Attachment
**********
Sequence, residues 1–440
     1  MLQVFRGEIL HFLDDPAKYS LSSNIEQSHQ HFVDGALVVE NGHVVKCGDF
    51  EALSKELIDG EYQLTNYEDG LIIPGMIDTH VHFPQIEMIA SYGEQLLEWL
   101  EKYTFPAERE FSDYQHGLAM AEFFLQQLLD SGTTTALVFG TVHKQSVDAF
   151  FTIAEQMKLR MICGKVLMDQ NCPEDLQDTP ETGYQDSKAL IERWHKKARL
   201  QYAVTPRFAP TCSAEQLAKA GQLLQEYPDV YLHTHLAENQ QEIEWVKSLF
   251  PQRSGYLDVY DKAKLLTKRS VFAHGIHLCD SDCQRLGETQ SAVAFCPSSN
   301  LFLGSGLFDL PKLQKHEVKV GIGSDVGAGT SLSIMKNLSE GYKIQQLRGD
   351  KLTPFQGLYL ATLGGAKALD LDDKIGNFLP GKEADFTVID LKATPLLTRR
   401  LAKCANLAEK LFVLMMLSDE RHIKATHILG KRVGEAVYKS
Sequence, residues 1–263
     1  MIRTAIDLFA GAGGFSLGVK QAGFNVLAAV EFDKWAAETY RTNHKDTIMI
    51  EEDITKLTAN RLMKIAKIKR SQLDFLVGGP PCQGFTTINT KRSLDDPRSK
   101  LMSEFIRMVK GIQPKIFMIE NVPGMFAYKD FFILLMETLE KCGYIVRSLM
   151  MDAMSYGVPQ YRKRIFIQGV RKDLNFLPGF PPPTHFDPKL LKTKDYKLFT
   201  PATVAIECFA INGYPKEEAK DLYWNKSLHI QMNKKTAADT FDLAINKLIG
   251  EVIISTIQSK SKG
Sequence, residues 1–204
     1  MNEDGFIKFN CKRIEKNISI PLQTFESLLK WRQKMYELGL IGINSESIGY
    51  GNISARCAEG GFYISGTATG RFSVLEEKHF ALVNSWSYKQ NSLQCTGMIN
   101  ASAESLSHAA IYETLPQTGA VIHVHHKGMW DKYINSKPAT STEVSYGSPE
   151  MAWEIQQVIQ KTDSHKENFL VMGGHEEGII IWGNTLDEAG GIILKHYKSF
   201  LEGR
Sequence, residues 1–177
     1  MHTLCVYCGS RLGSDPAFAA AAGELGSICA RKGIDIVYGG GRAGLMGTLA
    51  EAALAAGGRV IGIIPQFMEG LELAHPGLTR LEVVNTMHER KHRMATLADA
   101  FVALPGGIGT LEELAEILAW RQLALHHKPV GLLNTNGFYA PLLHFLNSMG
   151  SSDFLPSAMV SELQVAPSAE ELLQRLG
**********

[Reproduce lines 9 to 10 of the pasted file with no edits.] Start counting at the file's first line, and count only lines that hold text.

   351  KLTPFQGLYL ATLGGAKALD LDDKIGNFLP GKEADFTVID LKATPLLTRR
   401  LAKCANLAEK LFVLMMLSDE RHIKATHILG KRVGEAVYKS